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Articles: Assessment

Every state in the country now has a longitudinal data system extending beyond test scores, according to the Data Quality Campaign’s seventh annual Data for Action analysis. Thirty-six states—a giant leap from zero in 2005—have implemented the organization’s 10 Essential Elements of Statewide Longitudinal Data Systems. While the results are promising, Aimee Guidera, executive director of DQC, warns that building the data system isn’t enough.

As we welcome in 2012, let’s do a quick recap of the new state of the world of education, shall we?

Technology demonstrates its significant value time and time again, from improving productivity in the workplace, to providing a huge range of personalized entertainment opportunities, to making the slogan “Reach out and touch someone” an essentially frictionless reality. Unfortunately, in K12, technology has been a bust. In contrast to the communications industry, the music industry, the accounting industry, K12 has failed to see improvement in student achievement attributable to the use of technology.

In 2009, a year after joining Illinois School District U-46 from his previous post as regional superintendent for Chicago Public Schools’ Area 14, Jose M. Torres made unprecedented cuts to his district’s budget and personnel.

Typical public school revenue streams such as state money and property taxes were decimated by the recession nationwide, and districts across Chicago faced deficits worse than U-46’s anticipated $60 million hole in the coming years. It wasn’t a surprise that cuts in U-46 were necessary, but Torres’ tactics were.

Technology may have, at last, caught up with the intentions of balanced assessments—or at least it has in the Douglas County (Colo.) School District, according to Syna Morgan, the district’s executive director of performance and accountability. Already a high-performing district with 62,000 students across 86 schools, Douglas County wanted to take its assessment data to the next level by making students not only college-bound, but global leaders.

Even before the federal Department of Education’s Office of Civil Rights ended its 19-month compliance review of potential civil rights violations in the Los Angeles Unified School District, district leaders knew they had to change their program for ELLs and other students.

Nancy Diana Jones has not seen irregularities in administering the state’s standardized tests in the Encinitas (Calif.) Union School District, which consists of seven elementary schools in San Diego County. Jones, as administrator of support services, has been in charge of standardized testing for seven years. She credits her office’s vigilance and a strong message from Superintendent Timothy Baird that “puts high-stakes testing into perspective and emphasizes that these tests are only one measure of student achievement.”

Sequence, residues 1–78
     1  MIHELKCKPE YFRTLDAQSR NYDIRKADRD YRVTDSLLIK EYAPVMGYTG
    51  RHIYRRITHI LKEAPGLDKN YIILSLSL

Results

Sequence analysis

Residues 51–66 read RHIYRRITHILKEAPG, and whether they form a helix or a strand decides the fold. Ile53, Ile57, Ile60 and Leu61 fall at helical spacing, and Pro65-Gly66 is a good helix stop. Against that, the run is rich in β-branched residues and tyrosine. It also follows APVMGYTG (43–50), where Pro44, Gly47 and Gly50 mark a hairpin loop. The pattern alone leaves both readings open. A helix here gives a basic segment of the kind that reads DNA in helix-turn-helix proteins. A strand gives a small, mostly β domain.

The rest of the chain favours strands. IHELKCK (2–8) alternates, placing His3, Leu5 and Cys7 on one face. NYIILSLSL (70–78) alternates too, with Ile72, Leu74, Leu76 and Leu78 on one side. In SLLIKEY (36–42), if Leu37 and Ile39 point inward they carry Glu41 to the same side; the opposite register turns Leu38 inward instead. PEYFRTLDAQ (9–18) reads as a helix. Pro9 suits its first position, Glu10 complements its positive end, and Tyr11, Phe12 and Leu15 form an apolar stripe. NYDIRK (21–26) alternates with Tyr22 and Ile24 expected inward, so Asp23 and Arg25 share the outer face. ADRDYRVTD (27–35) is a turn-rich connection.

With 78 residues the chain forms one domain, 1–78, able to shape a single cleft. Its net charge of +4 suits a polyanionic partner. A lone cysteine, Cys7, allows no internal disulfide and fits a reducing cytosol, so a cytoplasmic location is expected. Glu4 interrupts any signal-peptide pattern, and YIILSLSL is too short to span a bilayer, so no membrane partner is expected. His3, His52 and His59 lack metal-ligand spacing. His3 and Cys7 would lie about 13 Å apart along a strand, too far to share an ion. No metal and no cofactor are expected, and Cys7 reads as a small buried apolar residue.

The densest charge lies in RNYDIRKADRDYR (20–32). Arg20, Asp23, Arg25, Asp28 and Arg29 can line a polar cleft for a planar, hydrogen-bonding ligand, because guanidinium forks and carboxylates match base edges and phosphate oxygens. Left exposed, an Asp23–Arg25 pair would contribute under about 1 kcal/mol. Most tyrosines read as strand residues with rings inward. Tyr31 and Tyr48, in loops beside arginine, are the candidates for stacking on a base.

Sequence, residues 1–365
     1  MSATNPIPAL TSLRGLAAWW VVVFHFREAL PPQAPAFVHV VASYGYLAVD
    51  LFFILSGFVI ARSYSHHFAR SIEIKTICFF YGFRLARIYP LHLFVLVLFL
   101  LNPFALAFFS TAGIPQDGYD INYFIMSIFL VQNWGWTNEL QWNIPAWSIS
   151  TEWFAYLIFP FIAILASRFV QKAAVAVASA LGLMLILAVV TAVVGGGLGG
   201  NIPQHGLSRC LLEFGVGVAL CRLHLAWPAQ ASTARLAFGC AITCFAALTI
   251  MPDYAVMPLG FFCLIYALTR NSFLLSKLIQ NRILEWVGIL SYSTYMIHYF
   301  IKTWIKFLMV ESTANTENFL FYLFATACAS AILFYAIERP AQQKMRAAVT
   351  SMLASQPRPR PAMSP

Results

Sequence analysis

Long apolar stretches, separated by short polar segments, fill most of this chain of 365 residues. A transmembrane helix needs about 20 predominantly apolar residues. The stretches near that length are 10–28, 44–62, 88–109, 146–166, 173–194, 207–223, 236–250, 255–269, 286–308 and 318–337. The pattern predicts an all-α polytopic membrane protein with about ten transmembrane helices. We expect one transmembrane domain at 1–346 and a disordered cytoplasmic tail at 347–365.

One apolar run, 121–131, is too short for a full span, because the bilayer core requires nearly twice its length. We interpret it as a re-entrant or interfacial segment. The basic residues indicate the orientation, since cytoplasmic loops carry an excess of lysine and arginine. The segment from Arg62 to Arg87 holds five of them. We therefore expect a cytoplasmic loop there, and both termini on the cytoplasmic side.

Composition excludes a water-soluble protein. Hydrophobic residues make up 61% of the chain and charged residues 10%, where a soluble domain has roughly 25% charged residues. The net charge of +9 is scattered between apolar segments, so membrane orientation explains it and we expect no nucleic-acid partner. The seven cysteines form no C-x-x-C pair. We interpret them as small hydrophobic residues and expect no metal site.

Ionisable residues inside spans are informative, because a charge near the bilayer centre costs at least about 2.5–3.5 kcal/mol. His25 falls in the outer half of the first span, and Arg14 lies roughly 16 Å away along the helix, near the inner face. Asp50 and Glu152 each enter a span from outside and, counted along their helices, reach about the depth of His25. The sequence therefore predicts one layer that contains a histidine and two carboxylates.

Last July, the Atlanta Public Schools became the poster district for teachers and principals behaving badly. State investigators found that, in 44 schools across the city, 178 teachers and administrators had systematically cheated on the state standardized tests taken by their students in 2009.

After more than a decade of writing about educational accountability, I have come to a conclusion that we can't wait for Washington, or for that matter, any state capital, to get accountability right. The most innovative models for educational accountability will happen in districts that are willing to say to the president and secretary of education, "We do not fear accountability. In fact, we will be more accountable than any federal or state program has ever required. We will report not only our test scores, but we will also report on the other 90 percent of the work we have been doing.

With Over 60 percent of school districts considering staff reductions to balance budgets (Kober & Renter, 2011), class size is likely on many educators' minds. With money tight, schools are seeking to focus available funds on those policies and programs most likely to have a positive impact on student learning. Although the effects of class size have been debated for decades, Tennessee's STAR project in the late 1980s seemed to settle the argument.


The Rio Grande City Consolidated (Texas) Independent School District is located in Starr County, a poverty-stricken area that has a history of high death rates from diabetes. Located on the Mexican border, RGCCISD serves a 99 percent Hispanic population on 14 campuses. Of the nearly 10,800 students, 88 percent qualify for free or reduced-price lunches. On top of that, Texas is ranked worst in the nation for health care coverage, with 26 percent of residents lacking insurance.

Enrolling in college was not part of the path for graduates of the San Antonio (Texas) Independent School District, where 93 percent of students are economically disadvantaged. Shortly after Superintendent Robert Duron, known for raising achievement in the Socorro ISD in El Paso, arrived in 2006, he began to raise the bar in this 55,000-student, predominantly Hispanic, urban district.

Celina (Texas) Independent School District, roughly 100 miles north of Dallas, has 2,000 students across its four school campuses—and they're all Bobcats, says Lizzy Kloiber, secondary curriculum director, referring to the district's unifying mascot. The community is tight knit, she adds, with most teachers having grown up in the district, and families regularly mingle at church or at high school football games each weekend.

As states now begin their transition to the Common Core State Standards, seven organizations have united to provide advice on issues related to the implementations of the mathematics curriculum and assessments.